In this month’s newsletter, we report that 100% of Haitians encountered by the Border Patrol affirmatively presented themselves at ports-of-entry, as did 88% of Cubans and 96% of Russians. Although Customs and Border Protection (CBP) is reporting increases in the number of migrants it “encounters,” (an 82% increase from June to July; a 36% increase from July to  August), the numbers of migrants encountered by CBP are still well below the numbers from 2022.

Mexican nationals still top the numbers of encounters by CBP. But current trends indicate that Venezuelans might soon push them out of that number one spot.

To slow the migration of Venezuelans to the US, the Biden administration is taking some new steps. One: Biden signed an agreement with President Maduro to lift some of the economic sanctions on Venezuela and, in reciprocity, Maduro agreed to start accepting deportation flights of Venezuelans. Two: Biden announced in September that it will allow Venezuelans who entered the U.S. on or before July 31 to receive temporary protected status, allowing them to apply for a work visa and deferred deportation for 18 months. Three: Biden plans to spend $10 million in foreign aid to help Panama deport more migrants who do not qualify for asylum protections. Four: In June, the US opened two Safe Mobility Offices in Colombia (as it has in Costa Rica and Guatemala) to consider nationals from Cuba, Haiti, and Venezuela for humanitarian protection or other legal pathways. Five: The US had made deals with Panama and Mexico to begin deporting citizens of Venezuela from their countries.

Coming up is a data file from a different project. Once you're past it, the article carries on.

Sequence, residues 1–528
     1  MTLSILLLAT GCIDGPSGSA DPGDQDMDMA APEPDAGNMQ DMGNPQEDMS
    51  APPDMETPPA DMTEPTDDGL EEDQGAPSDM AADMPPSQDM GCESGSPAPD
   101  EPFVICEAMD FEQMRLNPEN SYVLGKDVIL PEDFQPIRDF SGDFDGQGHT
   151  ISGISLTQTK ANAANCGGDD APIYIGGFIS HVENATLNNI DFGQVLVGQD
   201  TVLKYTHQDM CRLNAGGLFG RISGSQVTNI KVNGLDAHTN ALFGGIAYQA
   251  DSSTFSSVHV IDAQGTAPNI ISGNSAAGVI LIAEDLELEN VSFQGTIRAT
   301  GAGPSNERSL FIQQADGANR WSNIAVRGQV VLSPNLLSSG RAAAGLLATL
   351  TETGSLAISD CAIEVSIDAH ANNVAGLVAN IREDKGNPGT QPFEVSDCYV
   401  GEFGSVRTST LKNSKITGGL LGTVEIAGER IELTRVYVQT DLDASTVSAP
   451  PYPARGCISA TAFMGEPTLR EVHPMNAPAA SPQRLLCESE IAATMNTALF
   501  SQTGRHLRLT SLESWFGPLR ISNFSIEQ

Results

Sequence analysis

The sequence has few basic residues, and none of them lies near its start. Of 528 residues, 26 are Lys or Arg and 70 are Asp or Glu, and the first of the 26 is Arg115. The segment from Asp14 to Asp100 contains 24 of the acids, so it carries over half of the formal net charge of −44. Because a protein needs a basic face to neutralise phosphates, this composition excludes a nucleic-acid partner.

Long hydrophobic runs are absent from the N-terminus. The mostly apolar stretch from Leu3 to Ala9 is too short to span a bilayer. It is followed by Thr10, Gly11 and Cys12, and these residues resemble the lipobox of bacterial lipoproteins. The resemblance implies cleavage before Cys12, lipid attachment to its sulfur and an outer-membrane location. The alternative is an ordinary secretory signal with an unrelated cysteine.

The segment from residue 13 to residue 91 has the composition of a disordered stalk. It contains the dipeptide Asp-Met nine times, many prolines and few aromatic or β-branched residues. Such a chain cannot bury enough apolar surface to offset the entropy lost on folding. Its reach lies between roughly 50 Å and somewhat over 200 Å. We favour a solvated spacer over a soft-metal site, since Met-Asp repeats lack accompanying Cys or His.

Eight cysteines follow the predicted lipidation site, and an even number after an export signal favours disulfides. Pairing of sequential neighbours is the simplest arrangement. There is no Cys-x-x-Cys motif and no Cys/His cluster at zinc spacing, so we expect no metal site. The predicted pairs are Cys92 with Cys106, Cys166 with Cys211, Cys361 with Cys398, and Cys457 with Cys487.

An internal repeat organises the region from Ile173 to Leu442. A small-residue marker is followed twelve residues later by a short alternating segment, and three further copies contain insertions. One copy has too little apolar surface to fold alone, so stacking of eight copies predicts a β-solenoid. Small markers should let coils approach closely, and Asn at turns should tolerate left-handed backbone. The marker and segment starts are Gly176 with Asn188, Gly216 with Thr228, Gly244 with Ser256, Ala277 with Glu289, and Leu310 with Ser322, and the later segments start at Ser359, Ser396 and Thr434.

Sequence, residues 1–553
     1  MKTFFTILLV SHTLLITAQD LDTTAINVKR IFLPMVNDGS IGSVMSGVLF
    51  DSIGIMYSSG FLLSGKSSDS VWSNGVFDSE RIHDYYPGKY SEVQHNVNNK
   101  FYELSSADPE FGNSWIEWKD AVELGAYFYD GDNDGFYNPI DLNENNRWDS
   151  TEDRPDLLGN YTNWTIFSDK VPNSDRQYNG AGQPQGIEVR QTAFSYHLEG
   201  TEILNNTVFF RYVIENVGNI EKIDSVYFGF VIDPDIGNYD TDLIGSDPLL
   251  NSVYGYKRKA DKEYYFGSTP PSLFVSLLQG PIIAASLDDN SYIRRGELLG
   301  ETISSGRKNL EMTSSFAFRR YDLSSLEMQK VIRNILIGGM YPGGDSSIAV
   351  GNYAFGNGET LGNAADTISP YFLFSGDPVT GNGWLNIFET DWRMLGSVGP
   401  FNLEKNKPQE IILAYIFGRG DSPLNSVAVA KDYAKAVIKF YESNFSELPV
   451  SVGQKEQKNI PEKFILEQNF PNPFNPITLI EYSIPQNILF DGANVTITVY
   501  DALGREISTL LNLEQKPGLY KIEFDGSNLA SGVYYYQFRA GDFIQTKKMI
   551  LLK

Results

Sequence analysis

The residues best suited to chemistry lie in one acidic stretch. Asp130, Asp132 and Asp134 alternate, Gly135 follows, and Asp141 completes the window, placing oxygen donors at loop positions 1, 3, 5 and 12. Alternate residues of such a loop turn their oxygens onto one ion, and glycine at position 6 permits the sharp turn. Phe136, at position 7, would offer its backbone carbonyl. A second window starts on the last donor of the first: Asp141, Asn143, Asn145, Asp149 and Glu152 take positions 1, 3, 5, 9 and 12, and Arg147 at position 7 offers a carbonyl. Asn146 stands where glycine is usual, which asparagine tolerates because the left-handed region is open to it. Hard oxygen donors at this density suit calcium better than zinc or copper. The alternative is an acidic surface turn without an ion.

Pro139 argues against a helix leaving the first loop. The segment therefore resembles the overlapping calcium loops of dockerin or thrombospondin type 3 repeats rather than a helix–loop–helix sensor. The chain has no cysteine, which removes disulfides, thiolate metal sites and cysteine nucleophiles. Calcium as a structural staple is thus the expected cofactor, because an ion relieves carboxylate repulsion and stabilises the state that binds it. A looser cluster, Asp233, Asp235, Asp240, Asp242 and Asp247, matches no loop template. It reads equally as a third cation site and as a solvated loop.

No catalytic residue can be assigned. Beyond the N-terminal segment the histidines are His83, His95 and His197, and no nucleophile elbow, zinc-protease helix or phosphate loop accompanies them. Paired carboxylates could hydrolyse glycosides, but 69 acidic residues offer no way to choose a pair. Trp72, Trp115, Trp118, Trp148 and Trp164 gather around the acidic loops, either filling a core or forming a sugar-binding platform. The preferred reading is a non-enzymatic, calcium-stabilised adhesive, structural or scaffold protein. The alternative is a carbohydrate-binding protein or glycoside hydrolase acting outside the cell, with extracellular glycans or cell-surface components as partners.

Since Venezuelans can no longer get visas to fly to places like Mexico, many are been voyaging through the deadly jungles of the Darién Gap that lies between Colombia and Panama. According to the government of Panamá, 334,000 migrants have made the trek since January; 60% have been Venezuelan. The $10 million Biden is offering to Panama (see above) is intended to push US border enforcement south from the US-Mexico border to the Panama-Colombia border.